Michael Craig-Martin

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Michael Craig-Martin
Oak tree.jpg
An Oak Tree by Michael Craig-Martin
Born (1941-08-28) 28 August 1941 (age 72)[citation needed]
Dublin, Ireland
Nationality Irish
Field painting, drawing, conceptual artist
Training Yale University
Movement Conceptualism
Works An Oak Tree
Website http://www.michaelcraigmartin.co.uk

Michael Craig-Martin, RA (born 1941) is a contemporary conceptual artist and painter. He is noted for his fostering of the Young British Artists, many of whom he taught, and for his conceptual artwork, An Oak Tree. He is Emeritus Professor of Fine Art at Goldsmiths.[1]

Life and career[edit]

Early life[edit]

The Dublin-born and reared Craig-Martin was given a religious education, for eight years in a Roman Catholic school run by nuns, and later at the English Benedictine Priory School (now St. Anselm's Abbey School), where pupils were encouraged to look at religious imagery in illuminated glass panels and stained-glass windows.[2] He gained an interest in art through one of the priests, who was an artist, and was also strongly impressed by a display in the Phillips Collection of work by Mark Rothko.[2]

Craig-Martin studied in the Lycée Français in Bogotá, Colombia, where his father had employment for a while. Drawing classes in the Lycée by an artist, Antonio Roda, gave him a wider perspective on art.[2] His parents had no inclinations towards art, although they did have on display in their home Picasso's Greedy Child.[3][4] Back in Washington, he attended drawing classes given there by artists, then in 1959 attended Fordham University in New York for English Literature and History, while also starting to paint.[3]

In mid-1961[citation needed] Craig-Martin studied art at the Académie de la Grande Chaumière in Paris, and in the autumn began a painting course at Yale university, where the teaching was strongly influenced by the multi-disciplinary experimentation and minimalist theories on colour and form of Josef Albers, a former head of department. Craig-Martin later said, "Everything I know about colour comes from that course". Tutors on the course included artists, Alex Katz and Al Held.[3]

An Oak Tree[edit]

In 1973,[5] he exhibited the seminal piece An Oak Tree. The work consists of a glass of water standing on a shelf attached to the gallery wall next to which is a text using a semiotic argument to explain why it is in fact an oak tree. Nevertheless, on one occasion when it was barred by Australian Customs officials from entering the country as vegetation, he was forced to explain it was really a glass of water.[6] The work was bought by the National Gallery of Australia in 1977; however, the Tate gallery has an artist's copy.[6]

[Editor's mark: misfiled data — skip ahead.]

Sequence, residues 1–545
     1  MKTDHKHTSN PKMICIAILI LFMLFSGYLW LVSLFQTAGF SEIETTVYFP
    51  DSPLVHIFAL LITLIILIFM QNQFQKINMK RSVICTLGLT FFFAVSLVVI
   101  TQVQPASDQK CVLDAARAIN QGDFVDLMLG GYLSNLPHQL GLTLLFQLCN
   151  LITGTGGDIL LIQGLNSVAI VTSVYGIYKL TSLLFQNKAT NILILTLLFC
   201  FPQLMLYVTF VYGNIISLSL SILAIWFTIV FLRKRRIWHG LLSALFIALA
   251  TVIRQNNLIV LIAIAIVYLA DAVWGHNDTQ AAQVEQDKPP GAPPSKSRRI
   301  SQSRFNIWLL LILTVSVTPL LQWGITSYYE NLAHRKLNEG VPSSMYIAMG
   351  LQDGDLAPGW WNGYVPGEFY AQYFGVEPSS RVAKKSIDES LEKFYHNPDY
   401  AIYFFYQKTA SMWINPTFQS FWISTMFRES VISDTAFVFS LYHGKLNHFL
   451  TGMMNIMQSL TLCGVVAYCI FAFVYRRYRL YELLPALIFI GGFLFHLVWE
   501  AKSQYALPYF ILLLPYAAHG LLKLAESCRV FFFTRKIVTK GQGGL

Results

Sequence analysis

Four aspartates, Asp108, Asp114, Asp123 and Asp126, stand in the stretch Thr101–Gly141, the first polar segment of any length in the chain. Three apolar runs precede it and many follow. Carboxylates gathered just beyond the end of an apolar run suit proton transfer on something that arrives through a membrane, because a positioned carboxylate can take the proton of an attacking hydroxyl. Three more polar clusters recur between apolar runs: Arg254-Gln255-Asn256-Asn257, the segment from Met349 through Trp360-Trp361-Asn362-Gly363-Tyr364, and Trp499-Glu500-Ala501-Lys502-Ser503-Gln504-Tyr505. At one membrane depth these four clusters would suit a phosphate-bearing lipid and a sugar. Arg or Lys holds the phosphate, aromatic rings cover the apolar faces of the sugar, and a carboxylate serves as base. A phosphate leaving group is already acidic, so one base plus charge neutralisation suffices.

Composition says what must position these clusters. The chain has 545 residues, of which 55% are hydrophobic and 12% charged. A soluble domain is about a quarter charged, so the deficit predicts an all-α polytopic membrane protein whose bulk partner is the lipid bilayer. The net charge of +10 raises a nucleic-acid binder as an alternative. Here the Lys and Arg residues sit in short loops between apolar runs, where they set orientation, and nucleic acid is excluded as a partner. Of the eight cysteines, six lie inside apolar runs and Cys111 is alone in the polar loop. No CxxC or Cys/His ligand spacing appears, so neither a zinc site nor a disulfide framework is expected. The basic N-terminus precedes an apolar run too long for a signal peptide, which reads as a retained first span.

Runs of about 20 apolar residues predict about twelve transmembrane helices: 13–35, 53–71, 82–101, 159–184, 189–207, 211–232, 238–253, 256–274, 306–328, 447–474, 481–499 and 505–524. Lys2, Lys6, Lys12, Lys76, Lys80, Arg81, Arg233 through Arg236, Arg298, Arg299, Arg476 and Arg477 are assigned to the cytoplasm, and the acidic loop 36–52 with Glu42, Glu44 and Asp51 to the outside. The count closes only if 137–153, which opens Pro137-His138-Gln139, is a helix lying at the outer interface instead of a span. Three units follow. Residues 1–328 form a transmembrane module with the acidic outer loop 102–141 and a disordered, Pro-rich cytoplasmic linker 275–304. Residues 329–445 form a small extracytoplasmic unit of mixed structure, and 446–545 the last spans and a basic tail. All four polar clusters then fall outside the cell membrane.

Young British Artists[edit]

In the 1980s, Craig-Martin was a tutor at Goldsmiths College, Department of Art, and was a significant influence on the emerging YBA generation, including Damien Hirst. He was also helpful in promoting the Freeze show to established art-world figures. Craig-Martin and his influence were described in an article in the Observer regarding the mentors of British art, entitled Schools of Thought.[7] Craig-Martin has been a trustee of the Tate Gallery and is a trustee of the National Art Collections Fund.

Retrospective shows[edit]

A mural by Craig-Martin

A retrospective of his work took place at the Whitechapel Gallery in London in 1989. In 2006, the Irish Museum of Modern Art presented "Michael Craig-Martin: Works 1964–2006" which included works from over 40 years of Craig-Martin's career. The exhibition showed around 50 paintings, sculptures, wall drawings, neon works and text pieces by the artist, covering everything from his sculptures to digital works. One of his works called On the Table (1970) involved four metal buckets suspended on a table, exemplifying the influence of Minimalism and Conceptualism on Craig-Martin. An Oak Tree (1973), consisting of "an ordinary glass of water on an equally plain shelf, accompanied by a text in which Craig-Martin asserts the supremacy of the artist's intention over the object itself ... is now widely regarded as a turning point in the development of conceptual art".[8]

Personal life[edit]

While at Yale University, Craig-Martin met Jan Hashey, whom he later married. The couple had a daughter. Craig-Martin and Hashey later divorced.[9]


  1. ^ Goldsmiths College staff list; retrieved 25 January 2011.
  2. ^ a b c Cork, Richard (2006). Michael Craig-Martin, p. 17, Thames & Hudson: London; ISBN 978-0-500-09332-0; ISBN 0-500-09332-6.
  3. ^ a b c Cork, Richard, p. 18.
  4. ^ [1]
  5. ^ Manchester, Eliza. "An Oak Tree 1973: Short text, Tate, December 2002; retrieved 8 November 2008.
  6. ^ a b Sherwin, Brian. "Art Space Talk: Michael Craig-Martin", myartspace.com, 16 August 2007; retrieved 31 October 2008.
  7. ^ Life: The Observer Magazine – A celebration of 500 years of British Art – 19 March 2000
  8. ^ Michael Craig-Martin at the Irish Museum of Modern Art, ARTINFO, 5 October 2006, retrieved 23 April 2008 
  9. ^ Connolly, Cressida (24 November 2007), Michael Craig-Martin: Out of the Ordinary, London: telegraph.co.uk, retrieved 14 January 2010 

External links[edit]